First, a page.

and negative when they are in
opposite directions.
• The differential work done is:
• Expansion: dV>0, oW
b
< 0
• Compression dV<0, oW
b
> 0
• The expression above is the
boundary work input for the
process.
Initial pressure: P
Total volume: V
Area of piston: A
The piston moves a
distance ds in a quasi
equilibrium manner
}
÷ =
÷ = ÷ = =
2
1
t
t
PdV W
PdV PAds Fds W o
75
Moving Boundary Work (cont.)
• The total boundary work done
during the process as the
piston moves is:
• The integral can only be
calculated if we know the
functional relationship
between P and V during the
process: P = f(V)
• P = f(V) is the equation of the
process path
• The total area under the
process path is equal, in
magnitude, to the work done in
the quasistatic process
}
÷ =
2
1
PdV W
b
} }
÷ = = =
2
1
2
1
PdV dA A Area
This is a closed system
76
Moving Boundary Work (cont.)
• The boundary work done
during a process depends on
the path followed as well as
the end states. Work is a path
function.
• The net work during a cycle is
the difference between the
work done by the system and
the work done on the system.
• P is the pressure at the inner
face of the piston, equal to the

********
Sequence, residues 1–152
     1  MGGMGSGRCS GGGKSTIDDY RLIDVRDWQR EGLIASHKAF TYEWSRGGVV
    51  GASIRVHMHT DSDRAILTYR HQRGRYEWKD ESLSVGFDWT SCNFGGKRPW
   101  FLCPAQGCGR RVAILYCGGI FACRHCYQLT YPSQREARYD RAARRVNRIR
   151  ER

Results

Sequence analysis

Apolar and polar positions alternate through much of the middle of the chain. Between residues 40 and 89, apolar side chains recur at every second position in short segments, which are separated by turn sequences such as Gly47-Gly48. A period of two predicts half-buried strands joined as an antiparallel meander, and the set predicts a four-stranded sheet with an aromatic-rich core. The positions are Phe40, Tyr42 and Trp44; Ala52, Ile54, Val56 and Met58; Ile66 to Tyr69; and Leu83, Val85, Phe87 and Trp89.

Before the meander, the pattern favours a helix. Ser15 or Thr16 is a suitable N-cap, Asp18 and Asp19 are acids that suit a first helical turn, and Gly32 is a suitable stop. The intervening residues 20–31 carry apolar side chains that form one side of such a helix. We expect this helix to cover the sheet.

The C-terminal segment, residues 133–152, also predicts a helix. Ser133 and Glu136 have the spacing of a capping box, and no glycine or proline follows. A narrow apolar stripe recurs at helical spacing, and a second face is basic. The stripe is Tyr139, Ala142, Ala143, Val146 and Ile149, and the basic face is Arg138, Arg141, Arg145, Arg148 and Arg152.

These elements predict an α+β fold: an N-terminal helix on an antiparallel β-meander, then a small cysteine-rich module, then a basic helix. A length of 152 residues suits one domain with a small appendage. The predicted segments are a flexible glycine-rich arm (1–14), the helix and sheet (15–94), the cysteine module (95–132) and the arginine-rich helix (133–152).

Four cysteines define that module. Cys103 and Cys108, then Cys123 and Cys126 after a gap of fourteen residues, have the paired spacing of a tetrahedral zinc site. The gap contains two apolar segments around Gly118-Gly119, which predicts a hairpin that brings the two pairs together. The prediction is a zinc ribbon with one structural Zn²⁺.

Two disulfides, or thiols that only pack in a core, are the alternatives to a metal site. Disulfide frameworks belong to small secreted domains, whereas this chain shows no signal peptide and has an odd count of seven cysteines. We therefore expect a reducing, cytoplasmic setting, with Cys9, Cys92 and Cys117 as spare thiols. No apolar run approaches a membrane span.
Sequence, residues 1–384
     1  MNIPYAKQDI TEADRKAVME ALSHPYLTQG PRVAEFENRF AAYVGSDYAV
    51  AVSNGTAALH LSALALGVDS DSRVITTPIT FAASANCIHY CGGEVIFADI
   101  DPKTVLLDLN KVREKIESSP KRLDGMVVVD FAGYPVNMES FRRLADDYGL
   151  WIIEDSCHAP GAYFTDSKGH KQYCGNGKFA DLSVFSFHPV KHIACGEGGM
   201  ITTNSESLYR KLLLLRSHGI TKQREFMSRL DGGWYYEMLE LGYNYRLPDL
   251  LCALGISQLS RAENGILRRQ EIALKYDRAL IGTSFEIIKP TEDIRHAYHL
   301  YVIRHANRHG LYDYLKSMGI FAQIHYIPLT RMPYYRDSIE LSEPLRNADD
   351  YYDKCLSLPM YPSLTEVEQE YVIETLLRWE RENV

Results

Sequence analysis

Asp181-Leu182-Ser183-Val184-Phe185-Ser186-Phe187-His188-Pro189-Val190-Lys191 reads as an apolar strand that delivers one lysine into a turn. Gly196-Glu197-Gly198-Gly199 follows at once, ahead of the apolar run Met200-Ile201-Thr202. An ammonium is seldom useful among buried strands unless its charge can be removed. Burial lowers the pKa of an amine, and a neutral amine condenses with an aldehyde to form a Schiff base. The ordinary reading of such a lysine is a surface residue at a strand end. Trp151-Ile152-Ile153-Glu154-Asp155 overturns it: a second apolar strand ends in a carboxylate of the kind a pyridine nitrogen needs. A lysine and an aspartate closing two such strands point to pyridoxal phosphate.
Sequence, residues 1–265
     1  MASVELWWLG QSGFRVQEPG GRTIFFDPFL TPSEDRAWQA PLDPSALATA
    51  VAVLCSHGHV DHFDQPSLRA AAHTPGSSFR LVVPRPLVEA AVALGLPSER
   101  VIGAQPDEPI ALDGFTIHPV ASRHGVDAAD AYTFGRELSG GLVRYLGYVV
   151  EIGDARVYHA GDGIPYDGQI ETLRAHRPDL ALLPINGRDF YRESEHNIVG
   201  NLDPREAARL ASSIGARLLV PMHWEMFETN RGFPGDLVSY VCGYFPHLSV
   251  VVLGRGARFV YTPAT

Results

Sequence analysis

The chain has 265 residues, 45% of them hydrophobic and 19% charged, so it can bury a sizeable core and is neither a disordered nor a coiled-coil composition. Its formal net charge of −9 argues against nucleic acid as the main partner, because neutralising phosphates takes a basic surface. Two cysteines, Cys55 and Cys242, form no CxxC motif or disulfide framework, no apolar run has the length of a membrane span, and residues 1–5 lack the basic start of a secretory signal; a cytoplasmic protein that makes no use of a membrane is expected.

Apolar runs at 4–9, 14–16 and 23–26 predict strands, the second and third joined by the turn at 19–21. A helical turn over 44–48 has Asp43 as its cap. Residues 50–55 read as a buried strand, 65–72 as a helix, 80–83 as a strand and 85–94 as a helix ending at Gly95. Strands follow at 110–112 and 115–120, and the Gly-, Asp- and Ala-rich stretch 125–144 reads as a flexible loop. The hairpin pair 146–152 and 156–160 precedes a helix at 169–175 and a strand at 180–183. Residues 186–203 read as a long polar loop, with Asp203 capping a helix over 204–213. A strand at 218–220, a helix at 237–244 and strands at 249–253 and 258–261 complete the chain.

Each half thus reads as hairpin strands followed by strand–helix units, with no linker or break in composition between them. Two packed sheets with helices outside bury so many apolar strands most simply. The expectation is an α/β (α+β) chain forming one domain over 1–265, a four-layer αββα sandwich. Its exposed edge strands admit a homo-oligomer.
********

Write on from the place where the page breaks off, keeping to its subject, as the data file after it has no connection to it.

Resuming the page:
pressure in the gas only if the
process is quasiequilibrium so
that the pressure is uniform in
the cylinder at any time.
Expansion
Compression
}
÷ =
2
1
dV P W
i b
77
Example: Constant Volume Process
dV = 0
dW = PdV = 0
If the working fluid is an
ideal gas, what will
happen to the temperature
during a constant volume
process?
No work is done but:
PV
t
= nRT or
P/T = nR/V
t
= const.
P
1
/T
1
= P
2
/T
2
In this case P
1
> P
2
Consequently T
1
> T
2
The energy of the gas
decreases
78
Example: constant pressure process
For the constant pressure
process shown here, is the
boundary work positive or
negative?
It is a compression process
so the work done is negative
Will the temperature change
during the process?
For one mole of gas
PV = RT or V/T = R/P = const.
V
1
/T
1
= V
2
/T
2
In this case V
1
> V
2
Consequently T
1
> T
2
The energy of the gas decreases!
dW = PdV
The integration is
straightorward since P is
constant.
W = P (V
1
–V
2
)
79
Heat Transfer
• Energy can cross the
boundary of a closed system
in two distinct form: heat and
work.
• Heat is the form of energy
that is transferred between
two systems (or a system
and its surroundings) by
virtue of a temperature
difference. We call this
process heat transfer.
• The larger the temperature
difference, the higher is the
rate of heat transfer.
Thermal energy refers to forms
of energy such a latent and
sensible energies to prevent
confusion with heat transfer
80
Adiabatic Process
• During an adiabatic
process, a system
exchanges no heat
with the surroundings.
Insulation
Q = 0
Adiabatic
System
Notation and Units
• Heat has the energy unit of kJ.
• The amount of heat transferred during a process
between states 1 and 2 is denoted Q12 or just Q.
• The heat transfer per unit mass is q = Q/m